Saturday Sky
What the heck is that?

The Backpack

  It is all foggy, as if it was all a dream, but I know for a surety that it was real, that it did happen. All I can remember is getting into the bus. I was sitting next to one of my sisters, we were coming back from school. I must have been around 6 years old. I remember laughing and being so happy. I recall my Mom sitting with us. The bus was crowded, but the three of us were sitting together in a 2 passenger seat. I remember that I was wearing a green plaid uniform with a pristine white shirt. The skirt had pleats that if I twirled around, my skirt would go flying up and my long skinny legs will show. The fluffy white shirt had little buttons that resembled pearls...I remember playing with them all the time, and I also remember my Mom telling me to stop "fussing" over them or they will fall off and then I will have to wear the regular buttons because there was no way she could afford getting another set of buttons like those. I had long skinny arms with white little spotches everywhere....my father's mom used to say that I got the spots because my Mom didn't feed us properly...my Mom believed her (now, I know that I am a bit allergic to the sun and if I spend too many hours outside without any sunblock, my skin blisters and if I scratch the blisters, white little spots emerge as scar-reminders-of-the-blisters. )

Dsc00882 That afternoon, we were coming back from school, my Mom had picked up me up as always and taken us to some store (long forgotten). When I got on the bus, I was wearing my precious red backpack. I recall sitting in the little corner so that my Mom and sister would fit in the same seat. After the laughter and talking everything else is a haze as if it wasn't really me who was there. Mom shook me awake, I groggily got off the bus (with my Mom tugging at my hand) and onto the hot, humid streets of Lazaro Cardenas.  After rubbing the sleep off my eyes, my thoughts turned to my backpack. I touched my back--no backpack. I asked my sister so Mom wouldn't hear, and no backpack. Anguish and disappointment washed over me like the waves crashing against the sandy shore. Tears started stinging my eyes and I knew that I had to ask, I just had to ask her to make sure...but the fear was overwhelming. I couldn't. I just couldn't tell her that I had lost it...my only responsibility in life and I had misplaced it! With tears streaming down my cheeks,  I tugged on my Mom's hand and looking up at her dark brown eyes, I asked "Mom...do you have my backpack?". . I was disraught...my backpack, my sole possesion and responsibilty at that age and I had lost it. I don't remember much...but I remember my Mom bending down and saying, "Negrita, it will be alright, you can still go to school, I have an extra notebook for you." She wiped my tears with her blouse and my little sister and her embraced me.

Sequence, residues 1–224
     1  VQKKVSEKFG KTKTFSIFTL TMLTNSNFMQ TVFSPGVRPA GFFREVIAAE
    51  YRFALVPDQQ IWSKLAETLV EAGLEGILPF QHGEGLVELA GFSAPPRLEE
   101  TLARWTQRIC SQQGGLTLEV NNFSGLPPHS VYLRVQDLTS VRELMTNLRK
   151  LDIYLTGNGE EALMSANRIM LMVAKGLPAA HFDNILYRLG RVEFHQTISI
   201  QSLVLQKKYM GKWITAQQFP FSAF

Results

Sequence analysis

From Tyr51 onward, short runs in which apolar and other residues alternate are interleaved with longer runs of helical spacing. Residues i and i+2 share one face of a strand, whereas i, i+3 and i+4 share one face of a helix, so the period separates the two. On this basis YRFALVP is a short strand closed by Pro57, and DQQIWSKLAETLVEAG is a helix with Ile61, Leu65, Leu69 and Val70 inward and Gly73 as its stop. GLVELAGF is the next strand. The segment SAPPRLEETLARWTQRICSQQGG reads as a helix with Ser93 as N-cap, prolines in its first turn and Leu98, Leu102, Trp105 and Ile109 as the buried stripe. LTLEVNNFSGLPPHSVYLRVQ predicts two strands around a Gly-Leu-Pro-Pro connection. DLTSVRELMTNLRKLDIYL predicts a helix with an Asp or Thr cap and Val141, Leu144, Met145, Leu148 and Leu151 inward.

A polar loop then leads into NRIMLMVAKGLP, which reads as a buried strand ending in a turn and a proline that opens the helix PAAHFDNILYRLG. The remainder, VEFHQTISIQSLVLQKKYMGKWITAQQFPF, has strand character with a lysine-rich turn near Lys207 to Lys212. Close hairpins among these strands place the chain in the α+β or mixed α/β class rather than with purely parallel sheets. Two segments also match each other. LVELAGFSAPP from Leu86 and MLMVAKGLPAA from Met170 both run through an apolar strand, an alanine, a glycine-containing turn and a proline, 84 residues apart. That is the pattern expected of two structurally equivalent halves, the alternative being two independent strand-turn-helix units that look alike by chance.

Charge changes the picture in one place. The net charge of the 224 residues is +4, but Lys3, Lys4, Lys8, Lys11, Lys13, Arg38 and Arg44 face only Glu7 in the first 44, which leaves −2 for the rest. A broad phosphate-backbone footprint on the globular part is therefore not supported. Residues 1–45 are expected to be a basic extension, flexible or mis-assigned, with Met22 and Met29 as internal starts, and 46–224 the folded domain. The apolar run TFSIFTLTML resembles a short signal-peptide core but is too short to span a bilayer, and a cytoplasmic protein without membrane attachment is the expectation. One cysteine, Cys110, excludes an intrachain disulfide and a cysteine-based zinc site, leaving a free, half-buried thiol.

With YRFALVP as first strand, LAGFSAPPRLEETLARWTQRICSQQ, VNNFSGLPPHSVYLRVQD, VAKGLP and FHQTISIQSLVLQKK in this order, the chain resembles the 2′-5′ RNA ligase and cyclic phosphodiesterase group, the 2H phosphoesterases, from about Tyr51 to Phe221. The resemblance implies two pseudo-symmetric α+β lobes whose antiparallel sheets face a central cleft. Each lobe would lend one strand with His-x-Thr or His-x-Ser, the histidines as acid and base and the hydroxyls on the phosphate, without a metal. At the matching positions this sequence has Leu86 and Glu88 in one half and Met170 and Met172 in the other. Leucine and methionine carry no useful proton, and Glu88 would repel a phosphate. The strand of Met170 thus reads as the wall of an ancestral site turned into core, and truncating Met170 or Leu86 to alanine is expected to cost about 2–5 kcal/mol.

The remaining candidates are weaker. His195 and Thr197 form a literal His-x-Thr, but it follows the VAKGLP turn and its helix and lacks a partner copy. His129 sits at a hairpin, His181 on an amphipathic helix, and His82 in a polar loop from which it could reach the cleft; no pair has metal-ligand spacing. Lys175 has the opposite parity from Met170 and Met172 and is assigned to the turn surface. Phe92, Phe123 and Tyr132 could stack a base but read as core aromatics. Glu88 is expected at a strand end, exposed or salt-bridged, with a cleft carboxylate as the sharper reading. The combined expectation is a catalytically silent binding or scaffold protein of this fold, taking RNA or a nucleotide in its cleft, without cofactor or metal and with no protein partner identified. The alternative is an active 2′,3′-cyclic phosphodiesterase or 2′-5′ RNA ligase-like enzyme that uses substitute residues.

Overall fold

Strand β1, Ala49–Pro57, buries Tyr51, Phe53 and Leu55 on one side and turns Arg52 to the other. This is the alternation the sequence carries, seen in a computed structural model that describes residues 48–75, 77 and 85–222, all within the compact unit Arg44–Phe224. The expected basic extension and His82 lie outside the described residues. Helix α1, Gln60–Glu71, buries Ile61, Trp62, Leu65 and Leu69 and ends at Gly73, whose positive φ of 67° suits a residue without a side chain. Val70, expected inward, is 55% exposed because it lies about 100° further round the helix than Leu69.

My memories of my childhood are few, those spent with my Mom are even less. There are days that if I concentrate or I just sit and knit on my own, flashes of my past come to me as if I were in a dream. I search for these moments of solitude to view into my past and learn more about who I am, or why I am the way I have become.

My knitting hours have been plenty lately and the synapses have sparked more cherished memories, it may be because of the connection of my knitting to my Grandma, or it may be the rhytmic movements of my knitting, whatever the reason, it is nice to see into the past.

Pictures above:

The knitted sample was loom knitted--lots of yarn overs. On my trip back from Idaho, idle hands met yarn and loom. A few tries later, I had a beautiful drop stitch lace (?) that would look beautiful on a scarf or a shrug.

Dsc00830 [flowers outside my house]

The books were my spoils from the trip.While I didn't make it to the yarn shop in Idaho Falls...Borders was open and I picked up The Knitter's Companion and The Knitting Answer Book--while the content of the 2nd book is priceless, I have to admit that the main reason I got it was it's size--I am a sucker for little books....have you seen it? It is tiny and I can see me carrying it in my knitting bag...usually, my No. 1 reference book is Vogue Knitting...but that is one huge honking book and there is no way I can haul that around, but this treasure at 4.5"x6" can fit almost anywhere. Opening the book yields a ton of answers to many of my knitting questions (remember, I only have about a year of experience knitting with needles).

Comments

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Amy

Thank you for sharing your sweet story.

Amy

Mouse

awww.. what a cute story!

Carla

Sweet story, thank you for sharing.

Jennifer Larck

I remember my grandmother call me negrita growing up. It was so sweet to hear her talk to me. She would pick me up from school and have ham and cheese on saltine crackers ready for me. Funny how you remember special moments.

Christie

Precious!

The top picture almost looks like a bracelet, which would be very cool.

KnitPastis

Such beautiful flowers you are growing!! Sweet story too.

Becky

Thanks for sharing such a special memory with us!

Isela

Negrita literally means little black one (in feminine) connotation. My family has always called me Negrita because of my skin coloring...although they all have a tanned complexion, I am the only that is really, really dark. She still calls me Negrita--I believe it is her way of telling me that she loves me :)

Stitch-n-Snitch

What a precious memory. Spanish question for you: what's the significance of your mom calling you "Negrita"? I know literally it means "little black," (thanks to my three years of Spanish in high school and three years in college) but I've also heard my Chicana SIL call her kids that. What's the English equivalent?

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